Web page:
We live in an amazing world of infinite variety and beauty worth preserving for future generations. Going green means finding simple, effective ways to reduce our impact on 'Our World'. Sustainable living is about leaving a lighter footprint on our environment through conservation of resources.
A Sustainable home uses natural or recycled materials produced locally, and without toxic chemicals. Most install solar hot water and photovoltaic solar panels. Natural wood floors and ceilings, clean-burning fireplaces, concrete walls and thermal glass, and a green roof that helps keep it cool during the hot months and insulated during the harsh winters.
Greening your interior space should be a creative experience, not a stressful one. Today, more and more manufacturers are working closely with designers to develop a wide range of options in environmentally friendly materials that are recycled, reclaimed, organic and/or renewable. For every product used in an interior environment, there is usually a greener option available.
Natural light is, of course, the healthiest option and does not use any energy. If you are considering any kind of renovation, your windows should be located on the South side of the house to maximize light intake. Skylights are a great option, inexpensive, and can be placed easily into a roof.
Keeping in harmony with nature has practical and aesthetic benefits for any home. Shade from trees provides insulation. Solar and wind power saves on bills. Opting for garden buildings, rather than extensions, is a cost effective way to expand living space without disrupting the feel of an area. Bamboo and cork are great alternatives to hard woods – are quicker to cultivate and less damaging to the environment.
The flip side of keeping in harmony with nature is living the 'American Dream'. Since 1950, the US has quadrupled the residential space per person, and since 1970, the square footage of the average US home has nearly doubled. US homes are enormous, filled with unoccupied rooms, cluttered with unused objects. No matter how green your building materials are, a large empty home is not a sustainable living space.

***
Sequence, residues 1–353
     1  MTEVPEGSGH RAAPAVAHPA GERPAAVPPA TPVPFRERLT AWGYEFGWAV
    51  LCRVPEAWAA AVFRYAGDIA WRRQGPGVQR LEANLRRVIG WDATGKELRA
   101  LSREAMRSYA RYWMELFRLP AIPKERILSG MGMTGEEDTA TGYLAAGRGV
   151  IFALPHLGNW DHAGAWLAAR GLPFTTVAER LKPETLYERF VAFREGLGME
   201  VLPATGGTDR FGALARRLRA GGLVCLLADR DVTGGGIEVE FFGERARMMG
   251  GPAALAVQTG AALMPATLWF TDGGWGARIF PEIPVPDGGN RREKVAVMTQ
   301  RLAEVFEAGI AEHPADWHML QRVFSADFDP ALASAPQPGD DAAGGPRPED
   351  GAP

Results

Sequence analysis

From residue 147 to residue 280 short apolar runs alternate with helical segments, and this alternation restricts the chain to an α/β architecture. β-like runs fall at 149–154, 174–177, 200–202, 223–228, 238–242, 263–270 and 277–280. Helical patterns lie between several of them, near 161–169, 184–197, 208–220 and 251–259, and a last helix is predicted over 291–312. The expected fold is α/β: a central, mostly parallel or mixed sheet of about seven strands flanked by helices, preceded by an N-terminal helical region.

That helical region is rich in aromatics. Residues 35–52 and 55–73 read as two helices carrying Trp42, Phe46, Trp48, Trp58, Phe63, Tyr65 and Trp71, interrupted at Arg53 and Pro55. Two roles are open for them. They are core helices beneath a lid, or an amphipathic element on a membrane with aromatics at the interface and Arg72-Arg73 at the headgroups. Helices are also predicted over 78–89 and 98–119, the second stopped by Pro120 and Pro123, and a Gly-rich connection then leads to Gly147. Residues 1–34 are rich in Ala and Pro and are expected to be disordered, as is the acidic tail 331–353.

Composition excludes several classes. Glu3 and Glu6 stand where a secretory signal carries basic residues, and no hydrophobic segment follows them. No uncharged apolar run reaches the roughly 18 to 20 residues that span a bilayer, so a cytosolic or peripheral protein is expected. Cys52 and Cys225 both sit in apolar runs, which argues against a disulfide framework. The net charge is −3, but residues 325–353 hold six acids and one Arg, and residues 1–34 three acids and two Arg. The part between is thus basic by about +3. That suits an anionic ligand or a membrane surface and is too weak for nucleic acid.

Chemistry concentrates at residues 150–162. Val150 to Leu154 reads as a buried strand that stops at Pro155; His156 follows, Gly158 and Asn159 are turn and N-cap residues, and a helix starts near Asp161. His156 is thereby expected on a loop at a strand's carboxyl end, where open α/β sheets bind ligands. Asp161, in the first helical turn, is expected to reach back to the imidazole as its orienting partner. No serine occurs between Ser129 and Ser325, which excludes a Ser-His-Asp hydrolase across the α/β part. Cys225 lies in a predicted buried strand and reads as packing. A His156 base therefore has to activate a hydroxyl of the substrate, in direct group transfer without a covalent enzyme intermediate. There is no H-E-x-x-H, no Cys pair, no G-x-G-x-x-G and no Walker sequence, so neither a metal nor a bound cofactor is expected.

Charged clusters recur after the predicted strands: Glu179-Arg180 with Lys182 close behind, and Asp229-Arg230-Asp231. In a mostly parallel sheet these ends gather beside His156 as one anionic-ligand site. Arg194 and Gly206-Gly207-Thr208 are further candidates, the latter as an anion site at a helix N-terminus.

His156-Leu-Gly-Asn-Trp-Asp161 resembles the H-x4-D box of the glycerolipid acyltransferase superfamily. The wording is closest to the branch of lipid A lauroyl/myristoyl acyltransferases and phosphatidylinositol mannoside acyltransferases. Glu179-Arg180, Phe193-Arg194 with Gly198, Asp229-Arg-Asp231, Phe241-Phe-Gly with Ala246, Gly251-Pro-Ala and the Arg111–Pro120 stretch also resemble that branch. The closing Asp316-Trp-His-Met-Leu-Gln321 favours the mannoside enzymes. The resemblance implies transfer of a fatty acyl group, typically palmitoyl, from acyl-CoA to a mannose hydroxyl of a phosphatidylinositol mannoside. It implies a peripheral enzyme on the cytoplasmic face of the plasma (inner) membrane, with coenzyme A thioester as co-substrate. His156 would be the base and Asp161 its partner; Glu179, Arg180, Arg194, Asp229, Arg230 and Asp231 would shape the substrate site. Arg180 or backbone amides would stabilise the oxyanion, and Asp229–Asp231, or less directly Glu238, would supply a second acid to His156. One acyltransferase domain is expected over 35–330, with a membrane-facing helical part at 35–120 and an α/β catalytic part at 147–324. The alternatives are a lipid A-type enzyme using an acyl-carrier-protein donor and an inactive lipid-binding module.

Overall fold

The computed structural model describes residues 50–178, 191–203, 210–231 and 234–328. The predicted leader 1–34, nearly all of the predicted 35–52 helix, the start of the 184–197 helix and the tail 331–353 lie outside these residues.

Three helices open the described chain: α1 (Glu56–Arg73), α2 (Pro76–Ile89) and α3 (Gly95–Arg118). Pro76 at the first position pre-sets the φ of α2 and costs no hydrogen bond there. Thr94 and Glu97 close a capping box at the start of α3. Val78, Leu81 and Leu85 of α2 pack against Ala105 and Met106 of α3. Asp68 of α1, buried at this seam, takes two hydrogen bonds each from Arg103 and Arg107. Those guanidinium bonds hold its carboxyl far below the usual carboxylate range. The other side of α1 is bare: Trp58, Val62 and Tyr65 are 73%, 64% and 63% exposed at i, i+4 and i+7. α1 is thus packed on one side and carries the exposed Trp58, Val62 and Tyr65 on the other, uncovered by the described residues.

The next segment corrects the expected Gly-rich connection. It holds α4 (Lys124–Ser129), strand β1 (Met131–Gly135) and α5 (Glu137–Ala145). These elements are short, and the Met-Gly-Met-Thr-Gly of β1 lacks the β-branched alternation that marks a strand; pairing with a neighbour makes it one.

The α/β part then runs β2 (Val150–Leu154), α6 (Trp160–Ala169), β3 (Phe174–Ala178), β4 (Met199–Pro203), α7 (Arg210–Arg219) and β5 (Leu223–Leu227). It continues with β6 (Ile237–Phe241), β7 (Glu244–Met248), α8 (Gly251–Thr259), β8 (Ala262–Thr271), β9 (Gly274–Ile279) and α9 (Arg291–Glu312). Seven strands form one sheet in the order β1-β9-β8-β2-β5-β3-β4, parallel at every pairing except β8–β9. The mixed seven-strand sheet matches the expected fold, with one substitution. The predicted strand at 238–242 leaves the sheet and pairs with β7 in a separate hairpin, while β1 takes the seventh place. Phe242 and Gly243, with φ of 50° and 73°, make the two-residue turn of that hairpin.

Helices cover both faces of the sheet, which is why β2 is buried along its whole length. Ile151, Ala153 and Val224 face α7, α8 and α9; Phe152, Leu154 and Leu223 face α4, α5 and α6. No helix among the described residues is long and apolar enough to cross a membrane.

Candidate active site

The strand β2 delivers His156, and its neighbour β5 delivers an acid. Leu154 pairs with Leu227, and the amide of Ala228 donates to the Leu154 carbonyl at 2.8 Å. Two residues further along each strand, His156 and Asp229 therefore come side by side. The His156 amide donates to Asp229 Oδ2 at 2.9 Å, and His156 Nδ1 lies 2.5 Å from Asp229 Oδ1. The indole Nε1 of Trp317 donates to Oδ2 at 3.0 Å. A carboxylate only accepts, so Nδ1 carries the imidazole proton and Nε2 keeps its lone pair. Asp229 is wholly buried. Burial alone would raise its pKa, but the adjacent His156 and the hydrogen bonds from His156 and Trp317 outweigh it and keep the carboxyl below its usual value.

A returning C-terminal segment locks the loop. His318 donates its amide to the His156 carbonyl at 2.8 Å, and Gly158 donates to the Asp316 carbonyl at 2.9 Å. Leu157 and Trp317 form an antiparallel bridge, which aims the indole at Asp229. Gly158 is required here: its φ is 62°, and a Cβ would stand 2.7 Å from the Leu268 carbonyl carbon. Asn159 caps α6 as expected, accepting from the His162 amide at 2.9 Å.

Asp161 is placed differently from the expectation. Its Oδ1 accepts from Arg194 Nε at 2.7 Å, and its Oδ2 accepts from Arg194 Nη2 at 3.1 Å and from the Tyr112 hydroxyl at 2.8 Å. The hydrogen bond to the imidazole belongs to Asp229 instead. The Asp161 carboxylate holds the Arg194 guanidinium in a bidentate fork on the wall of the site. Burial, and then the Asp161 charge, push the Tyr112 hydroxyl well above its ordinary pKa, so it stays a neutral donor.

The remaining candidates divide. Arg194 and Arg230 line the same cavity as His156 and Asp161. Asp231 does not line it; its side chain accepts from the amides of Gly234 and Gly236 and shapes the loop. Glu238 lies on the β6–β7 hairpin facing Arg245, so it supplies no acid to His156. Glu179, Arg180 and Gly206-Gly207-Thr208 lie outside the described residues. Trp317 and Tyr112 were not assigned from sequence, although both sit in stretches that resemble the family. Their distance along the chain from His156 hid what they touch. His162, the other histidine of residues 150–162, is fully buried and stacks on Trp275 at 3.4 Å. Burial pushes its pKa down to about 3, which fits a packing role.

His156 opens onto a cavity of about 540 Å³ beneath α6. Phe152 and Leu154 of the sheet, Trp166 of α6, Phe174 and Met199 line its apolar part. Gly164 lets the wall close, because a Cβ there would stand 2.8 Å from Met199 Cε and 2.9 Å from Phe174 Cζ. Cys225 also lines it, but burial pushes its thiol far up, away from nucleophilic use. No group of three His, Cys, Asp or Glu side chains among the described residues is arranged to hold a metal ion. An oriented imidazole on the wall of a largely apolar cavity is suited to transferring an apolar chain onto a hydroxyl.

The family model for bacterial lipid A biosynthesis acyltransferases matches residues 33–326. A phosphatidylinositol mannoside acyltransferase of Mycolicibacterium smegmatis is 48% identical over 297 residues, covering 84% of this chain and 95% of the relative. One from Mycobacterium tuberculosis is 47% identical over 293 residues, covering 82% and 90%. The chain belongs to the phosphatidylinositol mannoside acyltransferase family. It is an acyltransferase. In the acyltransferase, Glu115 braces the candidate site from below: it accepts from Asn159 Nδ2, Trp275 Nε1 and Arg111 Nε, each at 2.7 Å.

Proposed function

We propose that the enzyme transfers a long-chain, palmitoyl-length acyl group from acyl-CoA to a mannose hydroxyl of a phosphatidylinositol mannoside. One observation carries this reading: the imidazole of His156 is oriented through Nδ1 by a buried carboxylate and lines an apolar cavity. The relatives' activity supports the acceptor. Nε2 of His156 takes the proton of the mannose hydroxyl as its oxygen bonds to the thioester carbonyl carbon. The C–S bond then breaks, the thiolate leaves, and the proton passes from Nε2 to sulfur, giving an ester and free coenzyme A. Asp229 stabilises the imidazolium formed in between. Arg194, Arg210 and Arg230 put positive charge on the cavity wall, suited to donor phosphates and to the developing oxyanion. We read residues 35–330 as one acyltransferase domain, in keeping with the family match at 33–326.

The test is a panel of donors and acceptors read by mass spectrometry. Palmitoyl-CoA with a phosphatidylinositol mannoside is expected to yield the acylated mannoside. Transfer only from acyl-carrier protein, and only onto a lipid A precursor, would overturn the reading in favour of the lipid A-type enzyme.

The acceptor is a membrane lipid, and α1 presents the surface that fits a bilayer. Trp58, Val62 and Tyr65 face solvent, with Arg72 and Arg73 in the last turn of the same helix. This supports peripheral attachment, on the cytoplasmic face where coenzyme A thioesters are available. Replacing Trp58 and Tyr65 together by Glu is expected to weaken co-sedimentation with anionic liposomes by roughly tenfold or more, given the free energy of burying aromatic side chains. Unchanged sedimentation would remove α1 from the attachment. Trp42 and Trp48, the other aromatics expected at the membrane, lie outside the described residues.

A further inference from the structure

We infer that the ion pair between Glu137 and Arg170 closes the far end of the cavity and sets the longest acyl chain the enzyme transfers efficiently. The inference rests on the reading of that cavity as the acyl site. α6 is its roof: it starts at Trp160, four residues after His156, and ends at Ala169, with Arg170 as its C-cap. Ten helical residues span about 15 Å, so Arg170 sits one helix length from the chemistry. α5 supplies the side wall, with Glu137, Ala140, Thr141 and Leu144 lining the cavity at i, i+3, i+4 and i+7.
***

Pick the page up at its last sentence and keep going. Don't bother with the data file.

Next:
However, for many people, the idea of a smaller home elicits images of cramped rooms and inconvenience. These challenges were addressed in 2008 by Green Media Enterprises (GME) when they announced that organic architect, Eric Lloyd Wright, and his studio would conceptualize a display of green living spaces in Los Angeles and New York. Each event displayed distinctly unique sustainable spaces, reflecting the local environment, materials and community culture, the core principles of sustainable organic architecture.
"We are thrilled to have Eric Lloyd Wright inspire this unique feature at our events," said Diane O'Connor, President of Green Media Enterprises. "Eric Lloyd Wright's focus on the use of natural and non toxic materials and alternative construction and energy systems represents the best in sustainable architecture..."
So, going green doesn't mean you need to compromise. It simply means you're being thoughtful and appreciative of environmental issues and concerns while reaping the benefits of having a beautiful home that is cost-effective and better for the planet.
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